accomplice steals wallets, luggage, packages or anything else
      worthwhile." (Toronto Sun, August 27, 1997) "The thieves, who are
      usually well-dressed, use tactics such as spraying victims with
      ketchup or mustard and dropping coats on purses laying on floors. 'It
      happens in a matter of seconds,' said Nealon. [Two of the arrested,
      Guillermo Aguayo Retamal, 57 and Maximo Araujo, 35, shipped 20 coats
      realized from a day-light break-in at Planet Hollywood on Christmas
      Eve to a confederate in the American Midwest] ... Aguayo, a refugee
      claimant, claims he'd be persecuted by Chilean police if returned.
      Canada Immigration is trying to determine [the similarly named]
      Araujo's status. Araujo was cornered in a downtown hotel restaurant
      by security after stealing a woman's purse. [The enterprising
      gentleman] ... dropped his pants and defecated on the floor in a bid
      to escape." (Toronto Sun, February 2, 1998)
      Deadbeat Dad Sent Back to Jamaica
      "A deadbeat criminal dad who fathered 12 children with seven
      different women is being turfed out of the country. ... [Disc jockey]
      Ainsley Bancroft David, 39, was ordered deported to 'his native
      Jamaica yesterday by an Immigration and Refugee Board because of
      criminal activity ... which includes convictions for carrying a
      concealed weapon , two counts of possession of narcotics, sexual
      assault and assault causing bodily harm. [We can well understand
      the 'concealed weapon' and 'assault causing bodily harm' charges in
      this particular case] 'He has not married any of the mothers of his
      children,' board member Shirley Wales ruled. 'Nor has he provided
      consistent support to any of them.'" (Toronto Sun, March 24, 1998)

      Conspicuous Consumption: Immigration Can Kill You
      Since we reported Health/Immigration Canada's woefully inadequate TB
      screening process in November, the predictable results are beginning
      to show like shadows on a tubercular lung. "More than 1,800 people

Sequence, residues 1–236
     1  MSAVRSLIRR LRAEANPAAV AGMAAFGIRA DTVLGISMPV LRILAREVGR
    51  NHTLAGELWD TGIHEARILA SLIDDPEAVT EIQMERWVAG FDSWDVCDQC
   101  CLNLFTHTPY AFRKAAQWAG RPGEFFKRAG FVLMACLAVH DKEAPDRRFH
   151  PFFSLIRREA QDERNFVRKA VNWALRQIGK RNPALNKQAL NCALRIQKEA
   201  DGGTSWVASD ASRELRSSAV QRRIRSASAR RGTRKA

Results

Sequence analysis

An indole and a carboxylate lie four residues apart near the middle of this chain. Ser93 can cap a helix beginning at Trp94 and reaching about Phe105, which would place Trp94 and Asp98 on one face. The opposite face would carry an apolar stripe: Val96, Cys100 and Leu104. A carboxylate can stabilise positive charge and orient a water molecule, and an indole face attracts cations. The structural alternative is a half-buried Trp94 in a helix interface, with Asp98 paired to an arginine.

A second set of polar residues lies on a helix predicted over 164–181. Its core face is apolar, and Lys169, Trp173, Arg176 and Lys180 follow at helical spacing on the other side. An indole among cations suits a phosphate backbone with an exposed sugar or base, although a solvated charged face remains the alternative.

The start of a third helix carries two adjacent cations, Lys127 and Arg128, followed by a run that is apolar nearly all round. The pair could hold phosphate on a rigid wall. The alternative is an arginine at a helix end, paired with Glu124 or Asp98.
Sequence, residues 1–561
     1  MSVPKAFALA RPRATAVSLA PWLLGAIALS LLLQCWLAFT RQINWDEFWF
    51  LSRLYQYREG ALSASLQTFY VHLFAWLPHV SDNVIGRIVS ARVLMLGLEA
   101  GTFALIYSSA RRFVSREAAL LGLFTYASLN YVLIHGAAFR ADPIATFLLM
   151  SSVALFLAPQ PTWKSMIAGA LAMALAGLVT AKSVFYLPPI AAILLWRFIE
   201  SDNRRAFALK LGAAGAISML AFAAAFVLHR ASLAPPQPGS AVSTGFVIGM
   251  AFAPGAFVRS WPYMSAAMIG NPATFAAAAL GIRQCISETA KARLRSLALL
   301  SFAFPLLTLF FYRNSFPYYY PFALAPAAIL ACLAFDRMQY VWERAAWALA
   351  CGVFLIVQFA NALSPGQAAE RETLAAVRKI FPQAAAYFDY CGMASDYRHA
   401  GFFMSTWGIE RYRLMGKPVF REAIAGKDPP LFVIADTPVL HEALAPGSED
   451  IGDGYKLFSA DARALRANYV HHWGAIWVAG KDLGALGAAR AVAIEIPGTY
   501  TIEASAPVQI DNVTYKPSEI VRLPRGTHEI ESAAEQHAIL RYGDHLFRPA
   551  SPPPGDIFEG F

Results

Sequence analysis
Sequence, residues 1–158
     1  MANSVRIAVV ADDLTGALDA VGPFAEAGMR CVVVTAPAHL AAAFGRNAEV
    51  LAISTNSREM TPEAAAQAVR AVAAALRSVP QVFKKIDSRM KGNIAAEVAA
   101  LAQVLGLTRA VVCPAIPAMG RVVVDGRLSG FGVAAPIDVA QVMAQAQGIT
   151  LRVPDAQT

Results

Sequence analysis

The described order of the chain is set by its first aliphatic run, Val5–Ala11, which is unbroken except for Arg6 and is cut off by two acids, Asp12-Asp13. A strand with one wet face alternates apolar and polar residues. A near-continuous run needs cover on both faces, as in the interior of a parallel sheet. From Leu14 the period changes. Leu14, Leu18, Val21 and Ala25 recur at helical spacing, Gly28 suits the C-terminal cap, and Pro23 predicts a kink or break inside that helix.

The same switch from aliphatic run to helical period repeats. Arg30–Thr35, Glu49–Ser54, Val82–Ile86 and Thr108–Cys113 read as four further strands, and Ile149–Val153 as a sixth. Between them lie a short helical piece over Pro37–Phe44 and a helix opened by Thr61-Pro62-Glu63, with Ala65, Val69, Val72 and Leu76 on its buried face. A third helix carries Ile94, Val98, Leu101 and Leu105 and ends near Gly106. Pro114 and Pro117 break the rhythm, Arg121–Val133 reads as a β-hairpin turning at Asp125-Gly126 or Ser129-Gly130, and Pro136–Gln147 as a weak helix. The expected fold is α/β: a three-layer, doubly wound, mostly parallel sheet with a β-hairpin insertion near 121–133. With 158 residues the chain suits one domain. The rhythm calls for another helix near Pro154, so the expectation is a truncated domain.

will have to undergo tuberculosis testing next week after a
      Scarborough high school [Agincourt Collegiate] student was diagnosed
      with the potentially fatal disease." (Toronto Sun, January 13,
      1998). "Tuberculosis tests will be carried out on 200 Revenue Canada
      employees next week after a co-worker at a Town Centre Ct. office
      tower contracted the disease." (Toronto Sun, February 11, 1998) "More
      than 20 people who attend St. Patrick's Adult Day School in Ottawa
      are being monitored for signs of tuberculosis after the highly
      contagious infection was discovered in a student. ... The woman, who
      had emigrated from the Philippines several years ago ... is being
      monitored daily by a homecare worker. [Let us hope the admitting
      immigration officer has offered to pick up the tab] ... The disease,
      normally found in lungs or lymph nodes, has become so rare in North
      America that doctors no longer vaccinate children against it."
      (Ottawa Citizen, January 30, 1998) TB is a reportable disease. When
      students or co-workers are advised to report, it may come as a rude
      shock, but how were concerns over an emerging AIDS epidemic and
      tainted blood scandals handled by Canadian authorities? Well the
      crucial thing was to save their bacon, ensure that the gay community
      was not "scape-goated" and - until the lawsuits started rolling in -
      deny that there WAS a problem. During the 1950s and 60s, emigrants
      were subject to rigorous and recurring medical examinations before
      they qualified for admission to Canada.
      The question of "DPs and Disease" occupied pride of place in
      newspapers at a time when Canadians actually believed that fit and
      healthy immigrants were in some way, superior. This instinct for self
      preservation came to be seen as "not quite nice" and fell into
      disrepute about the time the immigration axis shifted to precisely